Dynamic bit shuffle using AVX-512

Suppose that you want to reorder, arbitrarily, the bits in a 64-bit word. This question was raised on Twitter by @experquisite. Formally, you might want to provide, for each of the 64 bit position, an original bit position you want to copy.

Hence, the following code would reverse the bit order in your 64-bit word:

uint64_t w = some value;
uint8_t indexes[64] = {63, 62, 61, 60, 59, 58, 57, 56, 55, 54, 53, 52, 51,
                       50, 49, 48, 47, 46, 45, 44, 43, 42, 41, 40, 39, 38,
                       37, 36, 35, 34, 33, 32, 31, 30, 29, 28, 27, 26, 25,
                       24, 23, 22, 21, 20, 19, 18, 17, 16, 15, 14, 13, 12,
                       11, 10, 9, 8, 7, 6, 5, 4, 3, 2, 1, 0};
bit_shuffle(w, indexes); // returns a reversed version 

A naive way to do it in C might be as follows:

uint64_t slow_bit_shuffle(uint64_t w, uint8_t indexes[64]) {
  uint64_t out{};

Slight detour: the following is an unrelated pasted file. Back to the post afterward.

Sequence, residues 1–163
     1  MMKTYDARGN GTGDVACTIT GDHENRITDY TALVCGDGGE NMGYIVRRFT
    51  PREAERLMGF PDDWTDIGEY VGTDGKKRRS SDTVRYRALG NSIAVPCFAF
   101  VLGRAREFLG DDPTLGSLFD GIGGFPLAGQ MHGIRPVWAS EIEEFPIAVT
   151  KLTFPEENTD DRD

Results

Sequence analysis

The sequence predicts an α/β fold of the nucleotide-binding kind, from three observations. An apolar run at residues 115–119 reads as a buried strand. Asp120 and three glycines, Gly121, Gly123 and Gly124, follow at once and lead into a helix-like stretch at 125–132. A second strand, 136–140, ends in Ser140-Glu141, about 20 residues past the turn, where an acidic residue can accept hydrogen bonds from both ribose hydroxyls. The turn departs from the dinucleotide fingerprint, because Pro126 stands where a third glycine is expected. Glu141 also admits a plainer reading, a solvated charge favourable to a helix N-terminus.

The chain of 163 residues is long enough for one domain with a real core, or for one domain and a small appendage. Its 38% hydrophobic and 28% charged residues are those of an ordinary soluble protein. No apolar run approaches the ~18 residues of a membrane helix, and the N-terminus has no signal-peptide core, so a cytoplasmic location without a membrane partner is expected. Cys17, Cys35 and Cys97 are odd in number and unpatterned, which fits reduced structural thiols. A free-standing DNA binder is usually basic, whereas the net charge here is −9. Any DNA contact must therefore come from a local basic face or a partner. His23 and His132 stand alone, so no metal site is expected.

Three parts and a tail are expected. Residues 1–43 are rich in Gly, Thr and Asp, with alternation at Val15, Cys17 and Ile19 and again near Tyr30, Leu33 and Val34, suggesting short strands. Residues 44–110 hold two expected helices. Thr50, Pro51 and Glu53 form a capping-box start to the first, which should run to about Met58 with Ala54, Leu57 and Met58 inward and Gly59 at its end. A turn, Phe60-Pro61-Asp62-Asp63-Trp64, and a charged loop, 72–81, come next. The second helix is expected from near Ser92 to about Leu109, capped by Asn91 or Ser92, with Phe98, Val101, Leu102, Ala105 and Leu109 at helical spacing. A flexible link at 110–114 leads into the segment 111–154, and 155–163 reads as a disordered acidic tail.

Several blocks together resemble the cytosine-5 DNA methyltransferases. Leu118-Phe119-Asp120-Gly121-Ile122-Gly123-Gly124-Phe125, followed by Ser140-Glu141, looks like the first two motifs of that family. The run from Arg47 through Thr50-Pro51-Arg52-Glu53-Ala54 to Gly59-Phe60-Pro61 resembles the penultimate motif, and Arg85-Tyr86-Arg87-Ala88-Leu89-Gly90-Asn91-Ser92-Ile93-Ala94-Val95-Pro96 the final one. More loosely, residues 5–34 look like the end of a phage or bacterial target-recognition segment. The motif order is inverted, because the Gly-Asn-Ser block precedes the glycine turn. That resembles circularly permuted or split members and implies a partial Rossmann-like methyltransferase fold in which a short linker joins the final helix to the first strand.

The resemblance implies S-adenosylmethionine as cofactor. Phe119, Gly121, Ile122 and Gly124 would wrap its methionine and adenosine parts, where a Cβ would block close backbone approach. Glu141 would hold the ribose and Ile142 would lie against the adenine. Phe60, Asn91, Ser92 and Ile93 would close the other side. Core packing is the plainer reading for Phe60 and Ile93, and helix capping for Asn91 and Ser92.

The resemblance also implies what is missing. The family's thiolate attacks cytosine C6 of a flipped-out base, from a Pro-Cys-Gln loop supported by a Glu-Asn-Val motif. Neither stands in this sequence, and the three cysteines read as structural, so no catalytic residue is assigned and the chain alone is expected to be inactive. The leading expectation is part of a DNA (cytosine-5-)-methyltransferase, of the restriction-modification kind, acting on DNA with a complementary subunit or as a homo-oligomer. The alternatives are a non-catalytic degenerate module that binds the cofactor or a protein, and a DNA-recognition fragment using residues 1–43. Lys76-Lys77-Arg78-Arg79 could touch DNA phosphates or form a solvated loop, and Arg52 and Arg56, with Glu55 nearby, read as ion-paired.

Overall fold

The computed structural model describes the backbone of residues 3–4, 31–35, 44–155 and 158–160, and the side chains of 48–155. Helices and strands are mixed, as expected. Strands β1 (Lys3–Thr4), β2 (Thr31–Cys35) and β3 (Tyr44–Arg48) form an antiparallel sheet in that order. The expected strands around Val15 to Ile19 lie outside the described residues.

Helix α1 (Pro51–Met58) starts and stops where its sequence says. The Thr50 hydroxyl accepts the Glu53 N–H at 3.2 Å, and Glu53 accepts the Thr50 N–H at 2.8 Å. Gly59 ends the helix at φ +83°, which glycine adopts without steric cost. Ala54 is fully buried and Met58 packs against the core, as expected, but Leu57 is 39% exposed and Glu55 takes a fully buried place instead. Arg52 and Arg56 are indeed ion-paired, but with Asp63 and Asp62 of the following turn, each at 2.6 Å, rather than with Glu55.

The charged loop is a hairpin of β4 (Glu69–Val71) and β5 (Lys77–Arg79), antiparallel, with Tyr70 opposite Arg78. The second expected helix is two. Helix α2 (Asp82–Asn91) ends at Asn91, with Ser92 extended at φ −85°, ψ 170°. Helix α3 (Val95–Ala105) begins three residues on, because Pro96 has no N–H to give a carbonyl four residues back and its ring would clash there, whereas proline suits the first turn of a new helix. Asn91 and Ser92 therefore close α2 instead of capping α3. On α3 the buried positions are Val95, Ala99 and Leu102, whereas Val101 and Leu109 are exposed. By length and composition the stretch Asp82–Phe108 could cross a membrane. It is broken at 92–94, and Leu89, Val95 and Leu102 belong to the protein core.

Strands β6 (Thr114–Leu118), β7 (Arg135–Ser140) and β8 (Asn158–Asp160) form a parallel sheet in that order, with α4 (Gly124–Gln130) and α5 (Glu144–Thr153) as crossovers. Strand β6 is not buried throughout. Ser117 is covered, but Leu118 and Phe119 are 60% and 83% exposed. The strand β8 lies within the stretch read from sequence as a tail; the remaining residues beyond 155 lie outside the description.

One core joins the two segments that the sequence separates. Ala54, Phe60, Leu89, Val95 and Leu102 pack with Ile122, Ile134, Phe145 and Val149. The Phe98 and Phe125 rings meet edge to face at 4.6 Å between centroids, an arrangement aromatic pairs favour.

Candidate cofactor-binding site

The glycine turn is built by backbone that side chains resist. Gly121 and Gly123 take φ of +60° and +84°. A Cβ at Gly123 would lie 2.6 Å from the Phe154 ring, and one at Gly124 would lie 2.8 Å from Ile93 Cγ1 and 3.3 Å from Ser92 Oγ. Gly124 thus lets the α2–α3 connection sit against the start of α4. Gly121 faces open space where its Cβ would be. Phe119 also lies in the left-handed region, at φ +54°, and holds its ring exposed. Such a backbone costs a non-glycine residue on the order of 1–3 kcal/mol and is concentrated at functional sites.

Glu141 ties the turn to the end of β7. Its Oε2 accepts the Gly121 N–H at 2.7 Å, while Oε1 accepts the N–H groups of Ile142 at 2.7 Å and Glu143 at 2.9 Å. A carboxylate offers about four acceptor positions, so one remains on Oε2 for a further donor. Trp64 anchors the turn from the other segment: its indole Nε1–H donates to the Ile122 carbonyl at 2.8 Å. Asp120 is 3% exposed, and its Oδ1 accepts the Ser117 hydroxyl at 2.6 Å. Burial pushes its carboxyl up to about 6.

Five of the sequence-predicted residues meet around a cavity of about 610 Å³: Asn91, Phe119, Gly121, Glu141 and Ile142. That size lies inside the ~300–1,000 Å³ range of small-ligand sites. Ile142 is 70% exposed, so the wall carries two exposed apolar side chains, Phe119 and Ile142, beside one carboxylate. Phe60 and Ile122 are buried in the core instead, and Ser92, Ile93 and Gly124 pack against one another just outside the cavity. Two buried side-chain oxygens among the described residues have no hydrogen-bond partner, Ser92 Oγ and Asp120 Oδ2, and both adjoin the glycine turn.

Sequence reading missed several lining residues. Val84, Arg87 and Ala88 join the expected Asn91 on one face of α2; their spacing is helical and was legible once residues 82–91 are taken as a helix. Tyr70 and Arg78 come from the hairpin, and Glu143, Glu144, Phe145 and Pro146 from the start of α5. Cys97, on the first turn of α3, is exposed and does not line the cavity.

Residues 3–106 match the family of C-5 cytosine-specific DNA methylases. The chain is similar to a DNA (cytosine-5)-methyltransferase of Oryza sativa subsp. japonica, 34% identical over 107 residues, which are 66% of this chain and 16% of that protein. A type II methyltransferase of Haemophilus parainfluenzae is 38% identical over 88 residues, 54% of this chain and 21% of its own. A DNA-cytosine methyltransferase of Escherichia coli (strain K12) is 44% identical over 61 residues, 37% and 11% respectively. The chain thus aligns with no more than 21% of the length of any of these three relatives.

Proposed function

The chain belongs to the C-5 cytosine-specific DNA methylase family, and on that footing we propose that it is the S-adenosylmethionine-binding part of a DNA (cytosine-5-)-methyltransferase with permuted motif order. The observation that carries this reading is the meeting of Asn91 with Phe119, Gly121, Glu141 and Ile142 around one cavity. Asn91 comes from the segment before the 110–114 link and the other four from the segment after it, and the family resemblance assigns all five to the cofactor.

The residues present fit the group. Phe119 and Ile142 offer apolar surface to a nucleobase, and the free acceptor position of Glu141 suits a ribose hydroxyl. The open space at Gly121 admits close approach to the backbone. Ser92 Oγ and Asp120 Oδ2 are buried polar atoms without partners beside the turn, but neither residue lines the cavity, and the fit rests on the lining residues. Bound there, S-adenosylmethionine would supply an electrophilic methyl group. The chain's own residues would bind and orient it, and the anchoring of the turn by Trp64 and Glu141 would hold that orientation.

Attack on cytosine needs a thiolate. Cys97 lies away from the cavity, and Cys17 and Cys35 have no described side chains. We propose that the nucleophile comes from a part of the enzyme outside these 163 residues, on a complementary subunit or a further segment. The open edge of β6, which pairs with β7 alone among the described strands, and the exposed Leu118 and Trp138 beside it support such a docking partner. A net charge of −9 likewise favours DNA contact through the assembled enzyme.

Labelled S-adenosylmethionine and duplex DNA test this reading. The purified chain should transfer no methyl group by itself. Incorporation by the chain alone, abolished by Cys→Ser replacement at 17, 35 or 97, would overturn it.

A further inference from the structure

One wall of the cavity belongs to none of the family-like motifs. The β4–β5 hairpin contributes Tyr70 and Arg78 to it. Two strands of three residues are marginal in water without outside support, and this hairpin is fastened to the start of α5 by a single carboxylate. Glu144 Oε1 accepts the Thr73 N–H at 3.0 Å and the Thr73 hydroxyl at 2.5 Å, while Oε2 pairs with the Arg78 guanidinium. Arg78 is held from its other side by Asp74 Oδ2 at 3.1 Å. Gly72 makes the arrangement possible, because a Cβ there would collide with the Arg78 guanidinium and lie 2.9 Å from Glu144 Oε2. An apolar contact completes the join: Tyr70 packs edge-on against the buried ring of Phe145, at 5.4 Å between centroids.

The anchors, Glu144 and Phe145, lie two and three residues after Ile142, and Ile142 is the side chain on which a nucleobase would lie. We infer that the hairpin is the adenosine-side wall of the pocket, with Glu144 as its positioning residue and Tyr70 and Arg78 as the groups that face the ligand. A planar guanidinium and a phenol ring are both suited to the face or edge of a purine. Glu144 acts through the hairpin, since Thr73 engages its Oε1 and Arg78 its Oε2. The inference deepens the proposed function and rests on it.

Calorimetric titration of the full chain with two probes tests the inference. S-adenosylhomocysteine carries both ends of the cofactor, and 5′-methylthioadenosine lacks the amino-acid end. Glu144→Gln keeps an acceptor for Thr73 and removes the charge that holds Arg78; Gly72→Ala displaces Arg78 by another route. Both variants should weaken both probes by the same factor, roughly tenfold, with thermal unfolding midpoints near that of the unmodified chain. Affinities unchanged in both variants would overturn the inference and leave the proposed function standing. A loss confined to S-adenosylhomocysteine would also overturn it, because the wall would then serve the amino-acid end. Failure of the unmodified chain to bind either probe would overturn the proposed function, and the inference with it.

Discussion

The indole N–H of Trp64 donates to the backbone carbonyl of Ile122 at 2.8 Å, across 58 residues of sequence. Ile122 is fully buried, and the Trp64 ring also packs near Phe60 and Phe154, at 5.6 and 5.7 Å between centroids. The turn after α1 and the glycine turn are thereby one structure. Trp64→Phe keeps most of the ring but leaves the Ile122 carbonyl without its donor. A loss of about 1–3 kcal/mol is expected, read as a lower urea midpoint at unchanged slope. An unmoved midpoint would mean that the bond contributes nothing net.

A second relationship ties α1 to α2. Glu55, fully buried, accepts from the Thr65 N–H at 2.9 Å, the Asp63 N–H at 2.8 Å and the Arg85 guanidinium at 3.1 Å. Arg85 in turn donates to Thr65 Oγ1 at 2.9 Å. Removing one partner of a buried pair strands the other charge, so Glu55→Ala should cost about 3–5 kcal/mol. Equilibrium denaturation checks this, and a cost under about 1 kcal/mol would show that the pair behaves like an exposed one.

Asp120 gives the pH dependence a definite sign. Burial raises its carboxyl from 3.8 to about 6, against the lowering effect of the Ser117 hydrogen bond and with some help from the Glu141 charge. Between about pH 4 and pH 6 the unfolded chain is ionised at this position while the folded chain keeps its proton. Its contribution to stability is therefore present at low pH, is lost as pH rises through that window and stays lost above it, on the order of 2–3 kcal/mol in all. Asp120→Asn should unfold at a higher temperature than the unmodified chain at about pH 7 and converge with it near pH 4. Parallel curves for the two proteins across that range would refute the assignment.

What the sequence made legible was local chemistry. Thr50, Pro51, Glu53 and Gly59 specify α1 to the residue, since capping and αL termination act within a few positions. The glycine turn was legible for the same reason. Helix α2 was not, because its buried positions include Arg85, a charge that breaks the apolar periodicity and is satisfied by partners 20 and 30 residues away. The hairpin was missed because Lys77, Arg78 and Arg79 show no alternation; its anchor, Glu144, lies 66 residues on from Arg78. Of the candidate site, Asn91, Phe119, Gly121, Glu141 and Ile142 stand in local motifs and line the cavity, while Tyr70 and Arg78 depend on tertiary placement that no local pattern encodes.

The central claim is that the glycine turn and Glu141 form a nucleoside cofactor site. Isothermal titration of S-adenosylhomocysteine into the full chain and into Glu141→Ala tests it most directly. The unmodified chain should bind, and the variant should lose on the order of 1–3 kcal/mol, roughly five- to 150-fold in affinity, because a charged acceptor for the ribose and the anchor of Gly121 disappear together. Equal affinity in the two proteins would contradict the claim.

for (size_t i = 0; i < 64; i++) {
    bool bit_set = w & (uint64_t(1) << indexes[i]);
    out |= (uint64_t(bit_set) << i);
  }
  return out;
}

This might be an acceptable implementation, but what if you want do it using few instructions? You can do it on recent Intel and AMD processors with support for AVX-512 instructions. You go from the general-purpose register to a mask register, to a 512-bit AVX-512 register, you apply a shuffle (vpermb), you go back to a mask register and finally back to a general-purpose register.

The code with Intel intrinsic functions looks as follows:

uint64_t bit_shuffle(uint64_t w, uint8_t indexes[64]) {
  __mmask64 as_mask = _cvtu64_mask64(w);
  __m512i as_vec_register =
  _mm512_maskz_mov_epi8(as_mask, _mm512_set1_epi8(0xFF));
  __m512i as_vec_register_shuf =
  _mm512_permutexvar_epi8(_mm512_loadu_si512(indexes), as_vec_register);
  return _cvtmask64_u64(_mm512_movepi8_mask(as_vec_register_shuf));
}

It might compile to about six instructions:

kmovq k0, rdi
vpmovm2b zmm0, k0
vmovdqu8 zmm1, ZMMWORD PTR [rsi]
vpermb zmm0, zmm1, zmm0
vpmovb2m k1, zmm0
kmovq rax, k1